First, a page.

8. Writing a Simple AutoLISP Program, Part 2

by Ralph Grabowski

In the last lesson, I presented several tips for helping out when you write your own AutoLISP functions. In this lesson, we learn the first steps in writing an AutoLISP routine of our own.

Why Write a Program?

If you are like many CAD users, you are busy creating drawings, you have no time to learn how to program. No doubt, you may be wondering, "Why bother learning a programming language?" In some ways, it's like being back in school again. Sitting in the classroom sometimes seems like a waste of time. But the things you learn now make life easier later. Learning some AutoLISP programming now means you'll feel really good whipping off a few lines of code and letting AutoLISP perform a tedious task for you. The nice thing about AutoLISP is that you can program it on the fly. And you can use it for really simple but tedious tasks. Here's the example we'll use for this tutorial:

The Id Command

AutoCAD has the Id command. When you pick a point on the screen, it tells you the 3D x,y,z- coordinates of the point. Problem is, Id reports the value in the command prompt area, like this:

Wouldn't it be great if you could change Id to place the coordinates on your drawing, next to the pick point? That would let you label x,y-coordinates and z-elevations over a site plan. With AutoLISP, you can.

The Plan of Attack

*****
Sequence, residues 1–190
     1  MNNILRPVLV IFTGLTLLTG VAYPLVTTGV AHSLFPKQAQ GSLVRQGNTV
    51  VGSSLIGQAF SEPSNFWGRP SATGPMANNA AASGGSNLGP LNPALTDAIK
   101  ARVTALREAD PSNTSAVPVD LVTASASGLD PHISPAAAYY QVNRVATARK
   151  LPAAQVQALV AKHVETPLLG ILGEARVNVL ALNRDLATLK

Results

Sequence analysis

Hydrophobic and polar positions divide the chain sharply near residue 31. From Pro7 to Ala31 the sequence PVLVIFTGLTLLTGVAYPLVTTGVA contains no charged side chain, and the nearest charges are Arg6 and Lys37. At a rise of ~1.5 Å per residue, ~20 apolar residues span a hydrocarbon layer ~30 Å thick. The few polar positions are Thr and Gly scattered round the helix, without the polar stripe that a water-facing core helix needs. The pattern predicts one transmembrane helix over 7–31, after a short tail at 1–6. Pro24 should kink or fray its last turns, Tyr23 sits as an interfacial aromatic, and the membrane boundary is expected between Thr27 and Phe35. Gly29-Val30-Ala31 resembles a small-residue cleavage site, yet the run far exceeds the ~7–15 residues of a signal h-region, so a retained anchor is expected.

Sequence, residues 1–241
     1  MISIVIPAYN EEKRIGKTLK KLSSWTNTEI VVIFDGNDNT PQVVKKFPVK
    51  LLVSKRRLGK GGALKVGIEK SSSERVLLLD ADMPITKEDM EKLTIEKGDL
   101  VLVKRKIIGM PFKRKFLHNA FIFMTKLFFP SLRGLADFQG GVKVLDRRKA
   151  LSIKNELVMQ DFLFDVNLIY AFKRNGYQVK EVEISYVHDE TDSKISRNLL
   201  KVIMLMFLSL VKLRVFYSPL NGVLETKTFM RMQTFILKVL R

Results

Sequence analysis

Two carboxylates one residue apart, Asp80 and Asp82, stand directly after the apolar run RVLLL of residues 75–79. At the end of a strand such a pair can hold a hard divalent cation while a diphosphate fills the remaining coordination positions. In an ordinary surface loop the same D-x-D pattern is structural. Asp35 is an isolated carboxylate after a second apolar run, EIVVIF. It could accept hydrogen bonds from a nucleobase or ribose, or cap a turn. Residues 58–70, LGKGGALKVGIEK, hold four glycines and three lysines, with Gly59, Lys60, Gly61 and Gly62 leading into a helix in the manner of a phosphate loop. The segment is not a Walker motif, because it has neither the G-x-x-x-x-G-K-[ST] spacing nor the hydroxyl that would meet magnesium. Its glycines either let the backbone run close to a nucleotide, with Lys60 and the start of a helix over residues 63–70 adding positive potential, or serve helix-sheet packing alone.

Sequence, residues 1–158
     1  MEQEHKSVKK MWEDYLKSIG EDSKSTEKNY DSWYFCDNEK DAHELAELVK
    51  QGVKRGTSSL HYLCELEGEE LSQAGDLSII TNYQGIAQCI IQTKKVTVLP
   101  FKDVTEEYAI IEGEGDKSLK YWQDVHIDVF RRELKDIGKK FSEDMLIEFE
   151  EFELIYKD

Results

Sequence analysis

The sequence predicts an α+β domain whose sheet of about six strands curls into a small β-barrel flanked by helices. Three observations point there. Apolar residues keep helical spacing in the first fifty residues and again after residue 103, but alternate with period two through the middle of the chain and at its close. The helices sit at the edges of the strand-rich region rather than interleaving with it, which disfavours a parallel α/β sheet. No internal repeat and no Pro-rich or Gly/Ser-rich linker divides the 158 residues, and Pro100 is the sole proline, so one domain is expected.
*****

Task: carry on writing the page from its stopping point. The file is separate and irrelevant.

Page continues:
Before we write any AutoLISP code, we need to figure out how we're going to get those x,y,z- coordinates off the command prompt area and into the drawing. We've just recognized the two parts to solving the problem:

Part 1. Obtain the coordinates from the drawing, probably by picking a point.

Part 2. Place the coordinates as text in the drawing.

Obtaining the Coordinates

AutoLISP provides several ways to get the coordinates of a picked point. Browsing through the Customization Guide, we find we could:

It would be a useful lesson to use each of the three and see what happens. By experimenting, you make mistakes, then learn from the mistakes. Start AutoCAD, load a drawing, and switch to the Text window with F2. At the Command prompt, type:

You are executing an AutoCAD command from within an AutoLISP routine. The Command function lets you use any AutoCAD command in AutoLISP. The AutoCAD command is in quotation marks "ID" because the command is a string (programmer talk for "text"). Just like before, AutoCAD prompts you for the point. This time use an object snap to snap to a geometric feature, like the end of a line:

That's great! We've typed in a tiny AutoLISP routine. Now, AutoCAD stores the x,y,z- coordinates of the last-picked point in system variable LastPoint. Before we can place the coordinates as text in the drawing, we have to store the coordinates in a variable. Recall from earlier tutorials that the SetQ function lets us store a value in a variable. Let's make use of this now. Type at the Command prompt:

Xyz is the name of the variable we are using to store the x,y,z-coordinates. GetVar is the name of the AutoLISP that retrieves the value stored in a system variable. And "LastPoint" is the name of the system variable; once again, it is surrounded by quotation marks because it is a string.

After typing in the AutoLISP function, AutoCAD returns the value it has stored in variable Xyz: (8.9227 6.5907 0.0000). Note how the coordinates are surrounded by parenthesis. This is called a "list" and is the list format that LISP is famous for. The spaces separate the numbers, which are the x, y, and z-coordinates, respectively: